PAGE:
Sometimes the mysteries of life leave me breathless and I simply stop looking for logical explanations.
There were two other predictions, made by the Romanian fortuneteller in NYC that summer of ‘92, which have not happened as of yet… But life continues; so who knows?
The 3’s began disappearing almost immediately after John’s death. By autumn—after his midsummer departure—there were no more 3’s than one would normally expect.
Flash forward 17 years to 2009.
I had been living in Europe for 14 years when—after a massive slide into financial and political no-man’s land—My partner Egils and I were left no option but to flee the region we had called home.
It was a gut-wrenching move that would have been better made a year before we finally packed up and headed out. But it was too painful to make that decision prior to having almost no choice.
It’s very difficult to describe the sorrow that accompanies such an event: loading up our small car with a minimal amount of personal belongings, saying good-bye to our friends, giving our precious cats a goodbye cuddle… Then with our bikes on the roof rack, we drove south to Lithuania, caught a ship to Germany, before driving to Netherlands where we spent time with friends before catching a ferry to UK…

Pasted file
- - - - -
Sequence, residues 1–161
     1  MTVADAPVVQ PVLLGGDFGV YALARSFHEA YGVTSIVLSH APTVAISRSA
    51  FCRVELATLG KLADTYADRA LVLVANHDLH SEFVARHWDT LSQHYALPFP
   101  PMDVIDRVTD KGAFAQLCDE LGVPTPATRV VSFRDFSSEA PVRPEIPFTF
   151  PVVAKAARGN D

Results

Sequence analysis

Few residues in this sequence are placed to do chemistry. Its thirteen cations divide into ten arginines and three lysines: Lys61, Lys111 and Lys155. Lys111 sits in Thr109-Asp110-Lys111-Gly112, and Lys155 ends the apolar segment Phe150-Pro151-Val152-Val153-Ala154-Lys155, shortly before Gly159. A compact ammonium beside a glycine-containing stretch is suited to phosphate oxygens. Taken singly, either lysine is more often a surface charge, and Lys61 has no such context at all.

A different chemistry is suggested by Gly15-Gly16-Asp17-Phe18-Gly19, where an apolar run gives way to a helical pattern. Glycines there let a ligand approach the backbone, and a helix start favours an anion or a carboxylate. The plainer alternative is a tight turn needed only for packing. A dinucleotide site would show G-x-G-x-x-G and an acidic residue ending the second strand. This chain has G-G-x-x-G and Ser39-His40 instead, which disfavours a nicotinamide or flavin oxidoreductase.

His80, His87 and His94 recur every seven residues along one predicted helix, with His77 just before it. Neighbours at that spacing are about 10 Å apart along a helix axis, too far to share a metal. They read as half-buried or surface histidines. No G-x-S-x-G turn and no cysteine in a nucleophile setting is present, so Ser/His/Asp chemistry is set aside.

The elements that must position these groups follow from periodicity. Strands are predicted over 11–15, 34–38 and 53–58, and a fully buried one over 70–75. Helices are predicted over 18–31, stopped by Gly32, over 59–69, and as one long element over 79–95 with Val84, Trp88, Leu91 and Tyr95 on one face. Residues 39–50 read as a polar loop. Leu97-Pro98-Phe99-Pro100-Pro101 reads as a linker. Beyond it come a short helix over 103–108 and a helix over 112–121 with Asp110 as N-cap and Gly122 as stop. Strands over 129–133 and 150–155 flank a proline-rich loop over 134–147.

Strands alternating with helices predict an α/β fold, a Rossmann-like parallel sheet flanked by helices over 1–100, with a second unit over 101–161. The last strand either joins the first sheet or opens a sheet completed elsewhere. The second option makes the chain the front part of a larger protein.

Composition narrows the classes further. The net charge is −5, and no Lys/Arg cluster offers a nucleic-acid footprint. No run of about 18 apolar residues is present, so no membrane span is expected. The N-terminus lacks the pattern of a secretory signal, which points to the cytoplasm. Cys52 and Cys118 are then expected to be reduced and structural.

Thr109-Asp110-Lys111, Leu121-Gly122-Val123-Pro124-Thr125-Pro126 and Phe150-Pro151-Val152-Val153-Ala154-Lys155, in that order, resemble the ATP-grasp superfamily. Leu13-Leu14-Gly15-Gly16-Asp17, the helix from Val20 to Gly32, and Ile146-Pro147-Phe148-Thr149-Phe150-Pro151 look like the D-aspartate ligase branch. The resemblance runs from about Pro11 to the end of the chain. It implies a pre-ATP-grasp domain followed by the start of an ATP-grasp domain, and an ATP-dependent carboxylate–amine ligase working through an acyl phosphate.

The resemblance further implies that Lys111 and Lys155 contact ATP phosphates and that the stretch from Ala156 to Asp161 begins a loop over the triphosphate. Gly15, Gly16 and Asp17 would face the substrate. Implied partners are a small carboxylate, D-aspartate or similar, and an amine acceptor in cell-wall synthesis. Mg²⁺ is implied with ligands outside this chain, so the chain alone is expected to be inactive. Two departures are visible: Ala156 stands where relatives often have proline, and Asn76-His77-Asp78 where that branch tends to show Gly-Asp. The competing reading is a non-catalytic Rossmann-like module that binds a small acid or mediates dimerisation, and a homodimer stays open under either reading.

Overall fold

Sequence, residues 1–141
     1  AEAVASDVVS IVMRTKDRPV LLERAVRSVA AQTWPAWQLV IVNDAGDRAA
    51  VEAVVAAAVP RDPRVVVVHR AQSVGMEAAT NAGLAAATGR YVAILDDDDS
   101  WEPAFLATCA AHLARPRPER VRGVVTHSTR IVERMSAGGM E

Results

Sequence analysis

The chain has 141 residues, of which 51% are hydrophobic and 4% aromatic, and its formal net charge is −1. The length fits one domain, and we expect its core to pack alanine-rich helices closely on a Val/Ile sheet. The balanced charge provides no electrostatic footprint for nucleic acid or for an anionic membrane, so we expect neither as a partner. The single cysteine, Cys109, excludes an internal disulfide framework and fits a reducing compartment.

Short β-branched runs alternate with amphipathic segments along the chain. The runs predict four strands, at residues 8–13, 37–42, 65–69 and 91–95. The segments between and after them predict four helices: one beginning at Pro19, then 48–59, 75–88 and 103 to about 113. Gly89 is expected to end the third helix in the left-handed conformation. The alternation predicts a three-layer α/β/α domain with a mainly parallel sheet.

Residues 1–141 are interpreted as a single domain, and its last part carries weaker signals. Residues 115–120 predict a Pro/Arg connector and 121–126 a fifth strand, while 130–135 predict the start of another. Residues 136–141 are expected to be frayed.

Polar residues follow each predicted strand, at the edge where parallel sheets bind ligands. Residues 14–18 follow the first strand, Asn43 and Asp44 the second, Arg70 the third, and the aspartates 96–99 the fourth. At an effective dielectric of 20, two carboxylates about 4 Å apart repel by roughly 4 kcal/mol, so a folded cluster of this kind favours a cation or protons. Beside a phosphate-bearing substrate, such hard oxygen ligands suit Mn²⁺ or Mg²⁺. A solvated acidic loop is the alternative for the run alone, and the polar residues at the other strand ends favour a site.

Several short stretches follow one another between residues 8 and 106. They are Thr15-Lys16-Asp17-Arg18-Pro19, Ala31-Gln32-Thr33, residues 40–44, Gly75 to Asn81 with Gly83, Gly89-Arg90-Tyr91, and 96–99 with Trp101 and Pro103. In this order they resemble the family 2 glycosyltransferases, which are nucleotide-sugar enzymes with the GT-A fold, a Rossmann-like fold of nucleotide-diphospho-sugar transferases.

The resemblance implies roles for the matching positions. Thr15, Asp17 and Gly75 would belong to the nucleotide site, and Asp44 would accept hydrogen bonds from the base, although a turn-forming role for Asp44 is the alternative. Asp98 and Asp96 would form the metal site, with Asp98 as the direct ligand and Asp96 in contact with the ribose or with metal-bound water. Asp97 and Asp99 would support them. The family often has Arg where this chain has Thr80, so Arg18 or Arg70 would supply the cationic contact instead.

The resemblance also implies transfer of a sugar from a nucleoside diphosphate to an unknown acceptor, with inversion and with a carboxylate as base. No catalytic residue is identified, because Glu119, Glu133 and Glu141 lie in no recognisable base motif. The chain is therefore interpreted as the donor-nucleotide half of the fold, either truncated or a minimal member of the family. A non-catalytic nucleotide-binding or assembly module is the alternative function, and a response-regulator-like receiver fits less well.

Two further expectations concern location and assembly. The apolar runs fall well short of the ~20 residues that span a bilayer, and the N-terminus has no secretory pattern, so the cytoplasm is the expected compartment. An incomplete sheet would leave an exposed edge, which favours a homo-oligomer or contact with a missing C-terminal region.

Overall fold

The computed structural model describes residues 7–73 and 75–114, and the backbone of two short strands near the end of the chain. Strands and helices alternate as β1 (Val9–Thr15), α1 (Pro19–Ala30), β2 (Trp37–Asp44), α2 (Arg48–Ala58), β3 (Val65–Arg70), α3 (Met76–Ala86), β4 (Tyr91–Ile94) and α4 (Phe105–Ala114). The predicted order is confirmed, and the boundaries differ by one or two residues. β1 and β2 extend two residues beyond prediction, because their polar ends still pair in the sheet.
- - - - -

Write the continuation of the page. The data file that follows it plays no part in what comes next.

We were in shock when we arrived at our destination, a small village in mid-Scotland, at 11:11 on Wednesday, August 26th.
Later that night, as we crawled into bed, I noticed the time 11:11. In spite of the fact that it had been a long day, we both laughed at the fact that we’d arrived at 11:11 and were now bedding down precisely 12 hours later. Other than that, 11:11 held no significance for us. Then.
We planned a day trip up to the highlands on our first Saturday—three days after arriving in Scotland. We packed a picnic lunch and attempted to head out early. In spite of rising early and preparing quickly we left shortly before noon. In fact as we pulled away from the curb, our car clock went to 11:11. This got my attention. Egils casually acknowledged that it seemed odd.